Tuesday, October 28, 2008

I Believe that Believe is a Verb

Based on James 2:14-19
14What good is it, my brothers, if a man claims to have faith but has no deeds? Can such faith save him? 15Suppose a brother or sister is without clothes and daily food. 16If one of you says to him, "Go, I wish you well; keep warm and well fed," but does nothing about his physical needs, what good is it? 17In the same way, faith by itself, if it is not accompanied by action, is dead. 18But someone will say, "You have faith; I have deeds." Show me your faith without deeds, and I will show you my faith by what I do. 19You believe that there is one God. Good! Even the demons believe that—and shudder.

Do you believe that believe is a verb?

It’s more than just an intellectual question—and not just because of James’ comment about demons believing that there is one God, although that reminder stops me cold almost every time I read it! It’s an important question because it’s the kind of question that rattles around in our souls, refusing to find an answer that allows us to put it to rest once and for all.

Do you believe that believe is a verb?

It’s a really big deal, because it really is all about us—you, me, every person who claims to believe in Jesus Christ. Our individual and personal response to this question matters, because we are the body of Christ, we are His visible representation in the world, His face, His arms, His hands, His feet.

As Paul writes to groups of first century believers, he calls them to live in light of what they believe, to move beyond intellectual assent to living lives characterized by the reality of what God has done for them in Christ.

In Paul’s letter to the believers at Ephesus, he is direct and to the point—

I urge you to live a life worthy of the calling you have received.—Paul’s letter to the Ephesians, chapter 4, verse 1

Then he spends the rest of his letter explaining in detail what that looks like in their individual lives and in their relationships with other people.

In his letter to the Romans, Paul equates how we live our lives with worship, and tells us how important it is to allow God’s truth to reshape our perspective on life—

Therefore, I urge you, brothers [and sisters], in view of God’s mercy, to offer your bodies as living sacrifices, holy and pleasing to God—this is your spiritual act of worship. Do not conform any longer to the pattern of this world, but be transformed by the renewing of your mind. Then you will be able to test and approve what God’s will is—his good, pleasing and perfect will.—Paul’s letter to the Romans, chapter 13, verse 1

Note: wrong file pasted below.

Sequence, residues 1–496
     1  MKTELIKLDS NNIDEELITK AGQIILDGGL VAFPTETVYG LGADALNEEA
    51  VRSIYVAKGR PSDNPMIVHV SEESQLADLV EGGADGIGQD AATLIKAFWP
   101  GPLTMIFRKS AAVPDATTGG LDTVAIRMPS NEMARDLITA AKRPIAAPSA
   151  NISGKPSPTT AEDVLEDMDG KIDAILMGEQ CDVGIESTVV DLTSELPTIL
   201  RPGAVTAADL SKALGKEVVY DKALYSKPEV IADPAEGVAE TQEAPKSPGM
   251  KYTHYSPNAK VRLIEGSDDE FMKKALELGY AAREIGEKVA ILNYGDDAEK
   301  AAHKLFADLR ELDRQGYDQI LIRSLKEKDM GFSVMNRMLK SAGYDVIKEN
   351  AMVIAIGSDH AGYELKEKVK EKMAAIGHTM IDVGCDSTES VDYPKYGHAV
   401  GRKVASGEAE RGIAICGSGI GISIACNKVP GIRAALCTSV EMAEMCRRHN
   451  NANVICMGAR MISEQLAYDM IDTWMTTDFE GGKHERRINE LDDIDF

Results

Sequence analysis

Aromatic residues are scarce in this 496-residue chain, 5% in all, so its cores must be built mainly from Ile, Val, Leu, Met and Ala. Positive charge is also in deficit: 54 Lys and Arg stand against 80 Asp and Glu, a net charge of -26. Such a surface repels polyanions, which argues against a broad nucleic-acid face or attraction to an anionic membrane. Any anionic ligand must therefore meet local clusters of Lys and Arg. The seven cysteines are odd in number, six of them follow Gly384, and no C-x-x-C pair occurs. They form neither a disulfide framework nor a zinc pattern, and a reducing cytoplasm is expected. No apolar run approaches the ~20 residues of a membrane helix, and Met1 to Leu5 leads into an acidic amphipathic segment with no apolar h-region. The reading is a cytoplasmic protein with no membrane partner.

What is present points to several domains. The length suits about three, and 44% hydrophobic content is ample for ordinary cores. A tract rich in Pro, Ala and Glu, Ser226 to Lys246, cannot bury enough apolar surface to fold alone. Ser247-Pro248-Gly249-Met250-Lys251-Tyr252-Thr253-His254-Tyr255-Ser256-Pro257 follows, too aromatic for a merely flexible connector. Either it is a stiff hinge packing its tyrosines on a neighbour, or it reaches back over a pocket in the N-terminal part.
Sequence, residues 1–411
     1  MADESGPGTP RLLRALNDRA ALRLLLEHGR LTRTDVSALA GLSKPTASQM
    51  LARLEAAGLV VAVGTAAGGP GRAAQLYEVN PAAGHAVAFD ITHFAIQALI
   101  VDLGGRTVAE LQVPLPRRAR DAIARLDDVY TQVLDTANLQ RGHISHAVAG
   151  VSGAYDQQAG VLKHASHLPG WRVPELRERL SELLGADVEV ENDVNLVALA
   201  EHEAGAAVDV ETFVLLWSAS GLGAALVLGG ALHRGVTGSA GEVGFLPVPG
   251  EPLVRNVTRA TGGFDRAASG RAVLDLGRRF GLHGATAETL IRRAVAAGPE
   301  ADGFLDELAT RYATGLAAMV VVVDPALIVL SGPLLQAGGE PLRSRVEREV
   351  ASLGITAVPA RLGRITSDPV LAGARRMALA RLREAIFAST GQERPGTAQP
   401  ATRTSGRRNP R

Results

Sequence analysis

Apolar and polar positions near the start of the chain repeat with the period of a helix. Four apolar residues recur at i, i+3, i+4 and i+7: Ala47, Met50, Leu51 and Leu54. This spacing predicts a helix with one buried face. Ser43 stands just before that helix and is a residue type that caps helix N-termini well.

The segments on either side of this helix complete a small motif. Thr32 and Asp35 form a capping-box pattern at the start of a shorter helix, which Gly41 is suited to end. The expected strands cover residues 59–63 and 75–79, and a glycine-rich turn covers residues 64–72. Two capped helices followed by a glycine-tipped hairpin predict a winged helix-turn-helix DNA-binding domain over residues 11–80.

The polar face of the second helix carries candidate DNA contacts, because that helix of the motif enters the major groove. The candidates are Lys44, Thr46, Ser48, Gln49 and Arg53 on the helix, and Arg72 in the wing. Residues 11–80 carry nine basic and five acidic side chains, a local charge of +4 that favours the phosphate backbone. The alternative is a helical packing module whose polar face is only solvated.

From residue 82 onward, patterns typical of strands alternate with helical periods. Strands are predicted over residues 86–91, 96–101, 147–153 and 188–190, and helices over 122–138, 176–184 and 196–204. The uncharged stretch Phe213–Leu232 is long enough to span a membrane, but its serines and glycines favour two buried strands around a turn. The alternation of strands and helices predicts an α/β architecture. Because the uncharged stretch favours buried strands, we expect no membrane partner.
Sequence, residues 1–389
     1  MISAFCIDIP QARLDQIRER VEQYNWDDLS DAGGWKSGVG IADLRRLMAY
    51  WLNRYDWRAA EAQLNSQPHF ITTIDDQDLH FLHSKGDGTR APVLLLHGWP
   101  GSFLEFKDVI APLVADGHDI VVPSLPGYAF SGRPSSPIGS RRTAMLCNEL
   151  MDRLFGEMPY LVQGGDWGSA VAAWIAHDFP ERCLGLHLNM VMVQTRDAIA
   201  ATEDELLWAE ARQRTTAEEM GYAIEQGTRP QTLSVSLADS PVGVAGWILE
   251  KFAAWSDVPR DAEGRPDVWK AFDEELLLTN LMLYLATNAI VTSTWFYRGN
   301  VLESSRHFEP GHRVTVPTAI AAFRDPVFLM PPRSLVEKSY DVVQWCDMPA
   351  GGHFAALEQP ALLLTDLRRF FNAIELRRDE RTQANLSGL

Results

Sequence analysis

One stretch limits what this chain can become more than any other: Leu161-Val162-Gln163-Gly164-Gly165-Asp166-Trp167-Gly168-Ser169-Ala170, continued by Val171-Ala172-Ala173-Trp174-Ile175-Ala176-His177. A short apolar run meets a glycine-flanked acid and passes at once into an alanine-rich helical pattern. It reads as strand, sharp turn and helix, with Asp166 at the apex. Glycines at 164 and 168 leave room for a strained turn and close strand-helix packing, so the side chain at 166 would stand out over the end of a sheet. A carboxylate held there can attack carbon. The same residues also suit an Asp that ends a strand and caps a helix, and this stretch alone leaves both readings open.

As Paul writes to the Galatian believers, he points to the role of God’s Spirit in shaping us—

You, my brothers [and sisters], were called to be free. But do not use your freedom to indulge the sinful nature, rather serve one another in love….The acts of the sinful nature are obvious…But the fruit of the Spirit is love, joy, peace, patience, kindness, goodness, faithfulness, gentleness and self-control. Against such things there is no law….So I say, live by the Spirit, and you will not gratify the desires of the sinful nature….Since we live by the Spirit, let us keep in step with the Spirit.—Paul’s letter to the Galatians, chapter 5, verses 13, 16, 19, 22, 23, 25

In writing to the believers in Philippi, Paul calls them back to the realization of all that Christ has done for them and points to Christ’s example as the basis for living lives that place others above our own self-interest—

If you have any encouragement from being united with Christ, if any comfort from his love, if any fellowship with the spirit, if any tenderness and compassion, then make my joy complete by being like-minded, having the same love, being one in spirit and purpose….Your attitude should be the same as Christ Jesus…—Paul’s letter to the Philippians, chapter 2, verses 1, 2, 5

In his letter to the Colossians, Paul urges believers to live in light of their identity in Christ—

Therefore, as God’s chosen people, holy and dearly loved, clothe yourselves with compassion, kindness, humility, gentleness and patience.—Paul’s letter to the Colossians, chapter 3, verse 12

Peter points believers to God’s power, encouraging and challenging believers with these words—

His divine power has given us everything we need for life and godliness through our knowledge of him who called us by his own glory and goodness….For this very reason, make every effort to add to your faith goodness; and to goodness, knowledge; and to knowledge, self-control; and to self-control, perseverance; and to perseverance, godliness; and to godliness, brotherly kindness; and to brotherly kindness, love. For if you possess these qualities in increasing measure, they will keep you from being ineffective and unproductive in your knowledge of our Lord Jesus Christ. But if anyone does not have them, he is near-sighted and blind, and has forgotten that he has been cleansed from his past sins.—Peter’s second letter to believers, chapter 1, verses 3, 5-9

So what about you?

Which of these passages from the first century do you need to hear today? It really is all about you. What you believe. Do you believe believe is a verb? Are you believing?

Believing flows from the inside out.

Live life based on what you say you believe—

1. Take actions that are consistent with what you believe
2. Take actions even when you aren’t sure of the end result
3. Take actions even when you don’t feel like it

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